year = "1997",
month = "4",
doi = "10.1097/00004836-199704000-00005",
language = "English (US)",
volume = "24",
pages = "147--149",
journal = "Journal of Clinical Gastroenterology",
issn = "0192-0790",
publisher = "Lippincott Williams and Wilkins",
number = "3",

}

TY - JOUR

T1 - Yield of routine endoscopy beyond the duodenal bulb

AU - Morales, Thomas G.

AU - Jaffe, Philip E.

AU - Fennerty, M (Brian)

AU - Sampliner, Richard E.

PY - 1997/4

Y1 - 1997/4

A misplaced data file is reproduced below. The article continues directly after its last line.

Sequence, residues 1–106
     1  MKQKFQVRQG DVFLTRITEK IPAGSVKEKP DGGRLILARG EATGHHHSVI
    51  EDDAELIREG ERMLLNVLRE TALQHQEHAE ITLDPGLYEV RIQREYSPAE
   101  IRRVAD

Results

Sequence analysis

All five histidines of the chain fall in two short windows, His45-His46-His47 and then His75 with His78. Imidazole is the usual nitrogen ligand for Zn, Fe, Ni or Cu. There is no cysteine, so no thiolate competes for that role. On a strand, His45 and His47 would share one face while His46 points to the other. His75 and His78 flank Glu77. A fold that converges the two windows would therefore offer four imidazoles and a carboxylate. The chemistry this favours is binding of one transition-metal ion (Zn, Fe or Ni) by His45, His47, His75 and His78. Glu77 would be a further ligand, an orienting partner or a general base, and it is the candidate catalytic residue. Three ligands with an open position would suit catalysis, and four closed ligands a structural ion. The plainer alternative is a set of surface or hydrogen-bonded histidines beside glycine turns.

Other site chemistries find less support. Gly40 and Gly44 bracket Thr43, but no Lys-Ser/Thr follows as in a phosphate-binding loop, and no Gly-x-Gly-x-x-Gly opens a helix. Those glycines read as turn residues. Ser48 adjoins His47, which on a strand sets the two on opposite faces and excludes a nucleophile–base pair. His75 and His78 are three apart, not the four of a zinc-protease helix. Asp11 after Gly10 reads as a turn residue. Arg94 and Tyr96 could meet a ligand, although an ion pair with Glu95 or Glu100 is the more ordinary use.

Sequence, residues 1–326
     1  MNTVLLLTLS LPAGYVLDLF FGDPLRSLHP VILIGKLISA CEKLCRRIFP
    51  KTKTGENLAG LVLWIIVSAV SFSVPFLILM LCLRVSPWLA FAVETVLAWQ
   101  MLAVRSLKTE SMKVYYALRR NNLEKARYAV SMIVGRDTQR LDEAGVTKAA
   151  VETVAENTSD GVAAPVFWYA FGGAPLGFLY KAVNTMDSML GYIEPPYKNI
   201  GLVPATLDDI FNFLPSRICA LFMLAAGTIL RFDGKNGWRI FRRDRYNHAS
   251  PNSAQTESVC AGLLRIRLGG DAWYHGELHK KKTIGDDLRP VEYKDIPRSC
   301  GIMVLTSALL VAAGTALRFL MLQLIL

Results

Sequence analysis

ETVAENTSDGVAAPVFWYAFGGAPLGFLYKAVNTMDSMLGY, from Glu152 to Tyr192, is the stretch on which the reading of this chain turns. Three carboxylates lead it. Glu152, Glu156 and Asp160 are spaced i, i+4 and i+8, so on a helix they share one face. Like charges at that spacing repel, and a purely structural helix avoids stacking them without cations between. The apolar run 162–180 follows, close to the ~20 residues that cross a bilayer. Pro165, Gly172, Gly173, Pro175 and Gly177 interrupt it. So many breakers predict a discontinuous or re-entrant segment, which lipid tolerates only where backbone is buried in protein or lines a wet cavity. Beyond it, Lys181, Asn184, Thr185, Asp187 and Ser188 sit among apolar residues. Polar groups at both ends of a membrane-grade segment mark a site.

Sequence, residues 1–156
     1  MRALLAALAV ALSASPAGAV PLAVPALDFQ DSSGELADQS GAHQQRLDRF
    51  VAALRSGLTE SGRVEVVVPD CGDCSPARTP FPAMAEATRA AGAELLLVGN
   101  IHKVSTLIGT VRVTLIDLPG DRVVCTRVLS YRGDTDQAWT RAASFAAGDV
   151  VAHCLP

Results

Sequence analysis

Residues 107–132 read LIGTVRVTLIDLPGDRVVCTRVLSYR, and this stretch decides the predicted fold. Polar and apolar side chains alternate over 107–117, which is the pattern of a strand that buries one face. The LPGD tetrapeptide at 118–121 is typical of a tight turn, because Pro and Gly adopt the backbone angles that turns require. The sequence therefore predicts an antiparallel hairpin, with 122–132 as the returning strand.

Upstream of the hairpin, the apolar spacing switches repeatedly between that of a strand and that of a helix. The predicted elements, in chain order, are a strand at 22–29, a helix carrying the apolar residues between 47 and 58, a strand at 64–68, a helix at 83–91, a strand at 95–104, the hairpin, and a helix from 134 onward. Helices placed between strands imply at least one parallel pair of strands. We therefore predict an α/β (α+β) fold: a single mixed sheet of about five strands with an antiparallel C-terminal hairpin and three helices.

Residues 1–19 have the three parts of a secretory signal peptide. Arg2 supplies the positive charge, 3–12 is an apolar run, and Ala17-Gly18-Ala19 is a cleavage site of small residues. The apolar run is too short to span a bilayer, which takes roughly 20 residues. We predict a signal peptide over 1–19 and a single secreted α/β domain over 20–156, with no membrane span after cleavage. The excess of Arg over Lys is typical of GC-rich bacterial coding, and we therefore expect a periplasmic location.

N2 - The authors determined the clinical yield, endoscopic time, and patient tolerance of routine upper endoscopy beyond the duodenal bulb. From May through October 1994, all patterns undergoing routine esophagogastroduodenoscopy (EGD) were recruited for study. Each procedure was timed from start to finish by the endoscopy nurse, and, in addition, the time of the postbulbar examination was recorded. The endoscopy nurse assessed the patient's comfort level when the endoscope was advanced into the duodenal bulb and again at the postbulbar region. A total of 250 EGDs were performed. There were 152 males and 98 females, with a mean age of 57.1 (range, 23-91) years. Indications for the procedure were as follows: gastroesophageal reflux disease symptoms 82, epigastric pain 64, dysphagia 46, Barrett's surveillance 25, anemia 23, other research study 16, and other 61. The mean time for the procedure was 11 rain and 54 s, whereas the mean time for the postbulbar examination was 46.6 s. Patients tolerated endoscope insertion well both before and during examination of the postbulbar duodenum. The only postbulbar finding that affected clinical management was a postbulbar ulcer in a patient without other ulcers who was positive for Helicobacter pylori. Although routine endoscopic examination beyond the duodenal bulb involves minimal time and is well tolerated by patients, the yield of pathologic findings is low (3.6%) and the yield of findings that alter clinical management even lower (0.4%). In patients without prior GI surgery undergoing routine EGD for indications other than suspected small bowel pathology or active upper GI bleeding, examination of the postbulbar duodenum can be considered an elective part of the procedure.